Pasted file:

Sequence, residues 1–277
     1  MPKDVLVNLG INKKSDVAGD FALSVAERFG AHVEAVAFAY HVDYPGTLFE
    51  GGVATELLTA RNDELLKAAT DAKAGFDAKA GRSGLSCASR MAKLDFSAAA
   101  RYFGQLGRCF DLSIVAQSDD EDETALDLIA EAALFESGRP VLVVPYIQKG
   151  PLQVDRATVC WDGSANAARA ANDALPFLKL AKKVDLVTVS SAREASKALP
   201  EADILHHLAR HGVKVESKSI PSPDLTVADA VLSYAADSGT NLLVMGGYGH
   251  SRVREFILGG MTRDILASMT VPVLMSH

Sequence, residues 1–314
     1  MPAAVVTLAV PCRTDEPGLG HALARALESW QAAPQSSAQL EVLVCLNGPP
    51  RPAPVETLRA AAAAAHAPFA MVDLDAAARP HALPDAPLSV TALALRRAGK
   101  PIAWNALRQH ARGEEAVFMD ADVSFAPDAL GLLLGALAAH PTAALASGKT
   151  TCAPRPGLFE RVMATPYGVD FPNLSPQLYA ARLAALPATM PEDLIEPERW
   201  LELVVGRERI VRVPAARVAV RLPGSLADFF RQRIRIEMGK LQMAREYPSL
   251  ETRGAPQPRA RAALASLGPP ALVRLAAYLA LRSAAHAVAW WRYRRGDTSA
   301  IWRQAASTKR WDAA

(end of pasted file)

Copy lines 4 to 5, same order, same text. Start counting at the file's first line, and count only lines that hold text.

   101  RYFGQLGRCF DLSIVAQSDD EDETALDLIA EAALFESGRP VLVVPYIQKG
   151  PLQVDRATVC WDGSANAARA ANDALPFLKL AKKVDLVTVS SAREASKALP